I was a “honeymoon baby.” That is, I was a souvenir of my parent’s honeymoon. I was born exactly nine months to the day from when it started. My arrival was a mixed blessing at best. My father, a full time student working on his Master’s degree and a Ph.D. in Physics, and my mother, also a college student, needed an addition to the family like they needed a hole in the head.
To say that I grew up in a family of modest means is an understatement. But we never went hungry. One of my earliest memories is that of a large metal can on the kitchen counter stenciled with the words, “peanut butter,” in bold, government-style letters. Sitting next to it was a plain box marked “cheese” in the same stark lettering. I would learn later that it was something called “government surplus,” a precursor to food stamps. It was free, but you had to be poor to qualify for it.
Things got a little better as I grew older, but not much. There was little money in the house. What there was went to pay for necessities like nourishment and shelter. Those were needs. As I remember it, there was never a problem in our home making a distinction between needs and wants. Needs, I came to conclude, are absolute and gnawingly apparent. Wants are arbitrary and usually frivolous.
It troubles me that today’s society, especially in wealthy countries like the United States, is defined by its craving for instancy. Baby Boomers started the push button era sometime in the 1950s and soon, consumers were hooked on instant coffee, instant tea, frozen TV dinners and so many labor-saving devices that kitchens couldn’t contain them all. Now, we are addicts, and we have passed the habit on to our kids. The line of distinction between wants and needs always seems to blur when there is plenty, but usually comes back into sharp focus during hard times.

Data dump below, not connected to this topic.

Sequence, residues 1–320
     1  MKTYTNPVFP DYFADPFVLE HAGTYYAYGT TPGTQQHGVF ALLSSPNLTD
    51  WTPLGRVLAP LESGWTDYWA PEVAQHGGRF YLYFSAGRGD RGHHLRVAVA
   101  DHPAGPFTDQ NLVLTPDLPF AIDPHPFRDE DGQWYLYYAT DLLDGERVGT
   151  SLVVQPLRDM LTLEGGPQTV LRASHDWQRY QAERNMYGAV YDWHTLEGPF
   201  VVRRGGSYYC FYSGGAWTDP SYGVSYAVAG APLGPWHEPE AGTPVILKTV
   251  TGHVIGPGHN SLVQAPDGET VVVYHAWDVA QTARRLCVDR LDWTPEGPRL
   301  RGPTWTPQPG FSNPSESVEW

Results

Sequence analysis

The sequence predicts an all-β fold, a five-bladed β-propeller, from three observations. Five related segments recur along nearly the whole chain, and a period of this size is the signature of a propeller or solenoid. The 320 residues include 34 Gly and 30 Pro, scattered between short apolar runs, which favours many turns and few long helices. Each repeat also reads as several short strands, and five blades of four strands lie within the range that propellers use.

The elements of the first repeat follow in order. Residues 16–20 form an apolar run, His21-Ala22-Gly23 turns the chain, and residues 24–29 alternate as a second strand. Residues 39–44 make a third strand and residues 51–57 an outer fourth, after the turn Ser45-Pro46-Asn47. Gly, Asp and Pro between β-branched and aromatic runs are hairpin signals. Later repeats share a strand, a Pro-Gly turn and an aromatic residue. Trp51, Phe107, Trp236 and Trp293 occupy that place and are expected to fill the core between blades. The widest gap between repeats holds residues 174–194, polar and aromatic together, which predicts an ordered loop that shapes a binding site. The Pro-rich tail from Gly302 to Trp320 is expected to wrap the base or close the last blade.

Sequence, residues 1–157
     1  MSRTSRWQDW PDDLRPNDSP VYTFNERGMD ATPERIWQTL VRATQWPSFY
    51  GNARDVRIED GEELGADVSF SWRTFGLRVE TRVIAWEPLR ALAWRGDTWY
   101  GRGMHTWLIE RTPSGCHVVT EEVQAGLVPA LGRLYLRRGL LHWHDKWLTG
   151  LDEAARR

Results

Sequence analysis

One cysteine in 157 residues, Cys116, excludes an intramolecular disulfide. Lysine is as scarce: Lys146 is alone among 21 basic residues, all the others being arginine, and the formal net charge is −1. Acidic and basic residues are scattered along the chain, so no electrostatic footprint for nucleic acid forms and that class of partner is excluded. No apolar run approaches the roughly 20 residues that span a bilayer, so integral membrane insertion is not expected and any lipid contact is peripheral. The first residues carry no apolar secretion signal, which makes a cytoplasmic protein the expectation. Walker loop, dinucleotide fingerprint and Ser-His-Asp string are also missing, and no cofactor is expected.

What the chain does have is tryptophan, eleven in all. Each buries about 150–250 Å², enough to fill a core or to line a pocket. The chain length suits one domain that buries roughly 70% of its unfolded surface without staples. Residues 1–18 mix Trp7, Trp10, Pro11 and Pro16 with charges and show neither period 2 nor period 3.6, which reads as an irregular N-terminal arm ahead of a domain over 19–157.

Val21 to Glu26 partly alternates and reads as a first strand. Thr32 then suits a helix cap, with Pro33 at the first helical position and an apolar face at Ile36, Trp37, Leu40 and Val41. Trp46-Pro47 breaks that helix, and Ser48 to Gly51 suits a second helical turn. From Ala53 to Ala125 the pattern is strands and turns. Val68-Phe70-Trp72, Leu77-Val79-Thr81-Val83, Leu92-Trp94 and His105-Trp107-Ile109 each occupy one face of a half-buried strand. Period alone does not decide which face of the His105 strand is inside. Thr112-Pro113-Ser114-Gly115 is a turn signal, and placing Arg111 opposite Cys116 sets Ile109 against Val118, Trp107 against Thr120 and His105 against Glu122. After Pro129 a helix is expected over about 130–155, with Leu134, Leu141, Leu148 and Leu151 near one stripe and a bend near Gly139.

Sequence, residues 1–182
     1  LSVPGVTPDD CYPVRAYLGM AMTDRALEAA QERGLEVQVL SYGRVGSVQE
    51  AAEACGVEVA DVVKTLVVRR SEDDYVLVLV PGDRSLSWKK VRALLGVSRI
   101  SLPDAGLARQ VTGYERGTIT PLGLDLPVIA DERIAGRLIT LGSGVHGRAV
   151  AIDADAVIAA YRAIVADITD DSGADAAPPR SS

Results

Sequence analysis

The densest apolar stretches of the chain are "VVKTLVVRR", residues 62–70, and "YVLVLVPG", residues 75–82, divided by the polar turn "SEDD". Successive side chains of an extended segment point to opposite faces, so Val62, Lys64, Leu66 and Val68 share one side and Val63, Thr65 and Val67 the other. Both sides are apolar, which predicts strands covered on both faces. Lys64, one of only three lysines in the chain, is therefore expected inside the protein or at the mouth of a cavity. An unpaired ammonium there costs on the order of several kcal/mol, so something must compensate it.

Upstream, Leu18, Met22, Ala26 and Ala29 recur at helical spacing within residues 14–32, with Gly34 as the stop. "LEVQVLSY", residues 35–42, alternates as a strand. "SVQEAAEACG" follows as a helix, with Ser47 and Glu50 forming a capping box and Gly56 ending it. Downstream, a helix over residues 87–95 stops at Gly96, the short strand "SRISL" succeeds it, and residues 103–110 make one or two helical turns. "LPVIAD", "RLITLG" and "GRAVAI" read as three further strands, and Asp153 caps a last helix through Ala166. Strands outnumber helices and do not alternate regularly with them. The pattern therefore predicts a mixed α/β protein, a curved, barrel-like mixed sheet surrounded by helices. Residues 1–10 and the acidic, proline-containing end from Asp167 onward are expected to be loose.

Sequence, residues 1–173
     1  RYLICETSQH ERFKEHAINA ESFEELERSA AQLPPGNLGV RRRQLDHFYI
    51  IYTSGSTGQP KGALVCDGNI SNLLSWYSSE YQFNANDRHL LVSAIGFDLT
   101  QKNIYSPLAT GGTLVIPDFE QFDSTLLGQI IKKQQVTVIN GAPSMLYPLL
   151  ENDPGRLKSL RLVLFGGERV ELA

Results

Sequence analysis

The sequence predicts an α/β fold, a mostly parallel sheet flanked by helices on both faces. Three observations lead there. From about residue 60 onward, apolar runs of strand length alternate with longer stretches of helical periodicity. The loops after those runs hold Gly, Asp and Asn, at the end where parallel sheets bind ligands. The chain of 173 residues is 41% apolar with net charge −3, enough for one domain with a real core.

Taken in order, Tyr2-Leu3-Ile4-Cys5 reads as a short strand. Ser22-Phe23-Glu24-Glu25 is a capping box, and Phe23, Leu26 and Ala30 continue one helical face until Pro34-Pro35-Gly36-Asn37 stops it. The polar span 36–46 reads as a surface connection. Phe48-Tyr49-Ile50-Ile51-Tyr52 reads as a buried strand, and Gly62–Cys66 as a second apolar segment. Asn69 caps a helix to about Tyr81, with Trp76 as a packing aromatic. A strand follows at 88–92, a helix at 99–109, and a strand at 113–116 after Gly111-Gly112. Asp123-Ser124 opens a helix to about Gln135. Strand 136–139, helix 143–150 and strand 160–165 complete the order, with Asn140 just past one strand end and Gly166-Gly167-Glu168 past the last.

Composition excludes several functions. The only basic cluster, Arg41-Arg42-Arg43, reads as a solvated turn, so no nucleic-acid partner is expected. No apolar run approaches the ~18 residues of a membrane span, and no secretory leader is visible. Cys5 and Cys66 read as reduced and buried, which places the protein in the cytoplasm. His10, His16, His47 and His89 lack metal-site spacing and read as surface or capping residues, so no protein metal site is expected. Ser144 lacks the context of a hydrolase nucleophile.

According to a survey conducted by the Pew Research Center’s Social and Demographic Trends project, Americans are rethinking what they can and cannot live without. It used to be that most folks saw such things as microwave ovens, home air conditioning and TVs as luxuries; now, more people see them as necessities. Do you have a cell phone? Could you part with it? Half of those polled said they viewed cell phones and personal computers as necessities. Food is a necessity. You can’t eat a computer. Would you go hungry to keep your cell phone? That is the true test, I suppose.
Economic recession has a way of teaching us priorities. Since the era of abundance in the 1990s, the television, the most sacrosanct of all luxury items, is now considered a necessity for only 52 percent of those surveyed — down from 64 percent.
The media bombards us daily with things that are attractive and appealing. Advertising moguls are paid millions to find new ways of making us want the things they dangle before us. Credit cards make them easy to purchase. It’s no wonder that some think there is a giant conspiracy out there, the purpose of which is to prevent anyone from saving anything! I know my mother would see it that way. “It’s a game,” she used to say. “And it goes like this: You have money in your pocket, and everyone around you is trying to get it out.”
Those words still come back to me every time I leave a Best Buy store with some new gadget that I felt sure I could not live another day without. I get that little tingle of conscience they call “buyer’s remorse.”
Our goal as retirement planners is to help people achieve a retirement where both their wants and needs are easily attained. But it’s still refreshing when people are able to recognize the difference between the two.
Coach Pete and his team offer complimentary retirement strategy sessions to Chapelboro readers. Contact them at 919-657-4201.